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July 8, 1961

BILLINGS THE GREAT BIBLIOTHEC

JAMA. 1961;177(1):61-62. doi:10.1001/jama.1961.03040270063012
Abstract

There must be some peculiar ingredient in the environment of the state of Indiana that spawns litterateurs and lexicographers. Lew Wallace, George Ade, Booth Tarkington, James W. Riley, and the adopted son, Kin Hubbard, attest to the brilliant reputation of the writers of the Hoosier state. John Shaw Billings, military surgeon and planner of hospitals, also a native of Indiana, established the world's greatest medical library and was Superintendent-in-Chief of the New York Public Library as his last great accomplishment in the world of books.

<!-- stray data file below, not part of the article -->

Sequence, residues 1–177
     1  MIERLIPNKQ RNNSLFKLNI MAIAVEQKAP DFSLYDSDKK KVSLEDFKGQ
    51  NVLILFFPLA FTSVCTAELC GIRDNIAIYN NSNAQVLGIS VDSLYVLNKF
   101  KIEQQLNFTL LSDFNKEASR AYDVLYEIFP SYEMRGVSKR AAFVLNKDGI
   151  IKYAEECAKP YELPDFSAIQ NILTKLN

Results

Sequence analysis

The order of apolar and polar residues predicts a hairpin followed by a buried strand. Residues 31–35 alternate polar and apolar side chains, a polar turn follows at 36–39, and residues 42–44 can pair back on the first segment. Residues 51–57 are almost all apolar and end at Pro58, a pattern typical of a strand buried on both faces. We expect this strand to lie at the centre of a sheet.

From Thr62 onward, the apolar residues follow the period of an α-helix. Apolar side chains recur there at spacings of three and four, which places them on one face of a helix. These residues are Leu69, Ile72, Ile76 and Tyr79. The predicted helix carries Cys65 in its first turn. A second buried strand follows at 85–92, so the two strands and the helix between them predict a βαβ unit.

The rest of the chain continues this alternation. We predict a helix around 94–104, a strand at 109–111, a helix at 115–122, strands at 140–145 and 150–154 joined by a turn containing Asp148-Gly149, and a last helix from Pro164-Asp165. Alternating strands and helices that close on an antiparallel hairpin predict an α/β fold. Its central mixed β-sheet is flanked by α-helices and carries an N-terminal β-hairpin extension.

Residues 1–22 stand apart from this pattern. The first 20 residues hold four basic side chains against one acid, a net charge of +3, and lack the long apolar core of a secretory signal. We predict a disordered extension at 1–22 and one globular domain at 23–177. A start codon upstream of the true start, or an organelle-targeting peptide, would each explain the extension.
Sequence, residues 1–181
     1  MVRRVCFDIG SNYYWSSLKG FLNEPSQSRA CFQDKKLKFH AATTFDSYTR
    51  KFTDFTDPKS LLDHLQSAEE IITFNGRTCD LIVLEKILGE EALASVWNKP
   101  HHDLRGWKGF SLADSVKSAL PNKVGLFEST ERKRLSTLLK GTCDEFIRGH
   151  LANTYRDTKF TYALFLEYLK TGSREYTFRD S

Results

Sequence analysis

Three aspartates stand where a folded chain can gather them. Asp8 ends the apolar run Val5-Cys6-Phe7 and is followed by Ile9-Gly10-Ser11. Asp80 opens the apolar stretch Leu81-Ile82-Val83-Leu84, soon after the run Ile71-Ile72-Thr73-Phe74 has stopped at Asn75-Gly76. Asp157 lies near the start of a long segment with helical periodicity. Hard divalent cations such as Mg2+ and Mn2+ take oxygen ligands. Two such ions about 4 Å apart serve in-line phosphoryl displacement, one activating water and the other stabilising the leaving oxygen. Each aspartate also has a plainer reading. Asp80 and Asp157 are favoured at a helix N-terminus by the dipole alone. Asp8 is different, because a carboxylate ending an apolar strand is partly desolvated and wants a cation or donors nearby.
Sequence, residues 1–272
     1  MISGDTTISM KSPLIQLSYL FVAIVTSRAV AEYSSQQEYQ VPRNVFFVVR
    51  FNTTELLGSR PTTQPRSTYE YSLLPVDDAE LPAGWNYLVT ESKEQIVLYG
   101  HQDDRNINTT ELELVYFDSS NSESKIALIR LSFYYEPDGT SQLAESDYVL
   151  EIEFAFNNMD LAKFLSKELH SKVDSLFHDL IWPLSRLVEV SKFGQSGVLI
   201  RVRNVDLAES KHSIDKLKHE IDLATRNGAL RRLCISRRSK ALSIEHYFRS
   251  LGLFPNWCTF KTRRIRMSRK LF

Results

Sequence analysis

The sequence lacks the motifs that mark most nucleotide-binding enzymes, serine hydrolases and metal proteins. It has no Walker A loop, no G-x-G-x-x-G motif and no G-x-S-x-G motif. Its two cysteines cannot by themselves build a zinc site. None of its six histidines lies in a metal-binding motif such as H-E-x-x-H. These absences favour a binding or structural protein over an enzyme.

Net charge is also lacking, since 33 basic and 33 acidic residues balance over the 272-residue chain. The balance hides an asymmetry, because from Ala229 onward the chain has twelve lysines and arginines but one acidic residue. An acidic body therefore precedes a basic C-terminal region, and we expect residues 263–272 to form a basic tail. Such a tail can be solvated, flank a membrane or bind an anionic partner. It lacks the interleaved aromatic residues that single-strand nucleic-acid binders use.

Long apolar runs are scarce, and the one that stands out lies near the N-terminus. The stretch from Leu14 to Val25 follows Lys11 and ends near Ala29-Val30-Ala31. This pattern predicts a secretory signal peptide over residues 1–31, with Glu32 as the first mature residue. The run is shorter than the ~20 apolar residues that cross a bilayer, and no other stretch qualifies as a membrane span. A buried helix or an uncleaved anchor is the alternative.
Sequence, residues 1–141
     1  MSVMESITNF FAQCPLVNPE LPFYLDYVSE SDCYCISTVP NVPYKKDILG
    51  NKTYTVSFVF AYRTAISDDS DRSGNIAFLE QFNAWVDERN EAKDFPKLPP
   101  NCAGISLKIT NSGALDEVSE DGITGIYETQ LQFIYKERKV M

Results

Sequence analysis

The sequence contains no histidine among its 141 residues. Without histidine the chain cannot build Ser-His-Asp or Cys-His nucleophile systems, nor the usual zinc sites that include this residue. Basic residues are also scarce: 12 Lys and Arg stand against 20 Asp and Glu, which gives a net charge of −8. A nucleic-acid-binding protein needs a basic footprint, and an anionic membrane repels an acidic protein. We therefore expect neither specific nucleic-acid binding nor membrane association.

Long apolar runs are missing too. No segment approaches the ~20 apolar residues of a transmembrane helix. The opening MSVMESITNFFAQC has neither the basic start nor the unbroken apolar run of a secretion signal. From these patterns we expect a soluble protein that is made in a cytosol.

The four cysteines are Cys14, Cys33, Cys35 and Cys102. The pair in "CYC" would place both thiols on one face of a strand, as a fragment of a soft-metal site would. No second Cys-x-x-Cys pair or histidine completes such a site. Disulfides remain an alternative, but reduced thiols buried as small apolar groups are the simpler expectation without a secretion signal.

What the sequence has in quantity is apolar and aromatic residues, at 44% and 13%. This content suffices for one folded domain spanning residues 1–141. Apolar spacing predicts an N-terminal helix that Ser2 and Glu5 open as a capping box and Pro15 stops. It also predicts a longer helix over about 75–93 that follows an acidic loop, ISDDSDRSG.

Billings was born in 1838 in Cotton Township, Switzerland County, Indiana. The family moved first to Rhode Island but returned to the Midwest and settled in the village of Allensville on the road from Rising Sun to Vevay. His father served as postmaster, shoemaker, and keeper of the crossroads country store. Billings was avid for knowledge and, with the help of a dictionary, studied Latin

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